Disability Policy News

March 9, 2020

Disability Policy News logo, every Monday, from the Association of University Centers on Disabilities (AUCD) Disability Policy News logo, every Monday, from the Association of University Centers on Disabilities (AUCD)
                March 9, 2020   |   Vol. MMXX, Issue 10

CDC COVID-19 imageCOVID-19

The Coronavirus Preparedness and Response Supplemental Appropriations Act, 2020 (HR 6047) was passed by both houses and signed into law by President Trump last week. This bill funds an $8.3 billion response to the new pandemic including:

  • $826 million for developing coronavirus vaccines, treatments and tests
  • $300 million to purchase vaccines and treatments once they're approved
  • $950 million in grants to states and localities to help the front-line health departments
  • $3.1 billion to buy medical supplies.

Plain Language:

  • The government is spending emergency money to deal with a new virus.

What this means to you:

  • Information about COVID-19 is changing. It is helpful to stay up to date by checking the guidance from the CDC.

Action steps:

The Supreme Court of the United States SealHealthcare

The Supreme Court on Monday announced it will take up a case seeking to overturn the Affordable Care Act (ACA). The case will be heard during the court's next term, which starts in October, with a decision not likely until 2021.

Plain Language:

  • The government is going to review and decide if the Affordable Care Act is legal.

What this means to you:

  • The case threatens the current health care system and could eliminate coverage for roughly 20 million people if the Supreme Court overturns the ACA.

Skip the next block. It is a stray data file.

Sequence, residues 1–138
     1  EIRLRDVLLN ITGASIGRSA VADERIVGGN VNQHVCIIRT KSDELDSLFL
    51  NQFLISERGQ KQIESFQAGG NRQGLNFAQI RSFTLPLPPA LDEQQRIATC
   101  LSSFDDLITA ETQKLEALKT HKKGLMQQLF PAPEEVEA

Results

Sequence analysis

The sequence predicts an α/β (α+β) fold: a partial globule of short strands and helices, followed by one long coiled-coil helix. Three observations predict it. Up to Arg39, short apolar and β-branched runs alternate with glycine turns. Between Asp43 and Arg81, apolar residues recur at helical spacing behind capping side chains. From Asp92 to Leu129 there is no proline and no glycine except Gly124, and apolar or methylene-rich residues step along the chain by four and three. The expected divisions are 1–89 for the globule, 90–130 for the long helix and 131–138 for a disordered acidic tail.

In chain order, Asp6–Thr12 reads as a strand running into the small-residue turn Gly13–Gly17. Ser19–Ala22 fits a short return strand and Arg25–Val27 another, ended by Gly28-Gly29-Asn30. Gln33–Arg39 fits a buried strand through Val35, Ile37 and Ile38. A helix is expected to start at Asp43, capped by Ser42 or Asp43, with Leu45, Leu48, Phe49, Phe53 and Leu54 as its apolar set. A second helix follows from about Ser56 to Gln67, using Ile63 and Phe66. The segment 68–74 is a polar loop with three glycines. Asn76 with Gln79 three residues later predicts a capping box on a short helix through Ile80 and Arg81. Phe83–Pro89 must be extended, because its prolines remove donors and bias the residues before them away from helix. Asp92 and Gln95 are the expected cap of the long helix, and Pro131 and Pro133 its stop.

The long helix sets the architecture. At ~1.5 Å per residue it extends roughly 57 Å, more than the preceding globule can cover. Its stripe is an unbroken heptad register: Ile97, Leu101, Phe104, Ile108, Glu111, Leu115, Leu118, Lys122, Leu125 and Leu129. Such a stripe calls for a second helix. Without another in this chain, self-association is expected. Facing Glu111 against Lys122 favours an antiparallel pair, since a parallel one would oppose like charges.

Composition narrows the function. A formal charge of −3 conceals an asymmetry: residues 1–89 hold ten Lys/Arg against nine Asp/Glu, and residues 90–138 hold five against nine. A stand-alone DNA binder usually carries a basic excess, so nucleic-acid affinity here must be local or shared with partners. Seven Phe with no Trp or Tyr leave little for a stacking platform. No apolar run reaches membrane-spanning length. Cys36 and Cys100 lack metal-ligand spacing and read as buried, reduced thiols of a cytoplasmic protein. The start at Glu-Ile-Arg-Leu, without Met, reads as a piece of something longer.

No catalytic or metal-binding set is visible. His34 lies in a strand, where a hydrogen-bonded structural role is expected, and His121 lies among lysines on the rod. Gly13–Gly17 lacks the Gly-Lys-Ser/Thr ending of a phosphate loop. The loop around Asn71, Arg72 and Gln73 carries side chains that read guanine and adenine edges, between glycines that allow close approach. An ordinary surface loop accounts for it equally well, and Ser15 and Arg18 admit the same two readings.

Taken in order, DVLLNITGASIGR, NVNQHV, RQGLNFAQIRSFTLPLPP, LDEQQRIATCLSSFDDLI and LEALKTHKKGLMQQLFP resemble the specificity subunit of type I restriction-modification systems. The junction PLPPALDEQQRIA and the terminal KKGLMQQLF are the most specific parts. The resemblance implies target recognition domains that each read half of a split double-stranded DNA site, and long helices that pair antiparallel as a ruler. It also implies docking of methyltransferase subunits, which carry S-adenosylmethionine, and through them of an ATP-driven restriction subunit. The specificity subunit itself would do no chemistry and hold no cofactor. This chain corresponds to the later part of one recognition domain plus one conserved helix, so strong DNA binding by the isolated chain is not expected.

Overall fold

Action steps:

  • Share your healthcare stories on social media and with your Members of Congress: United States Capitol switchboard: (202) 224-3121

three people, one female, one male, one male using wheelchairDirect Support Professionals

Last week, Sens. Hassan (D-NH) and Collins (R-ME) and Reps. Rice, Sean Maloney, Peter King, Katko, Fitzpatrick, and Boyle introduced legislation to create a standard occupational code for direct support professionals (DSPs), Recognizing the Role of Direct Support Professionals Act (HR 6045, S 3369). It tells the Bureau of Labor Statistics (BLS) to set a standard occupational code (SOC) for DSPs and compile employment data on DSPs.

Plain Language:

  • This bill will collect better data on DSPs.

What this means to you:

  • DSPs are frontline workers who support people with disabilities so they can have full and independent lives. The lack of a DSP-specific SOC hinders the creation of effective policies for this workforce. Without specific federal data, states do not have adequate tools to project employment trends and/or establish realistic wage rates. States heavily rely on SOC data to determine the rates paid to providers of disability supports, including the cost of DSP wages.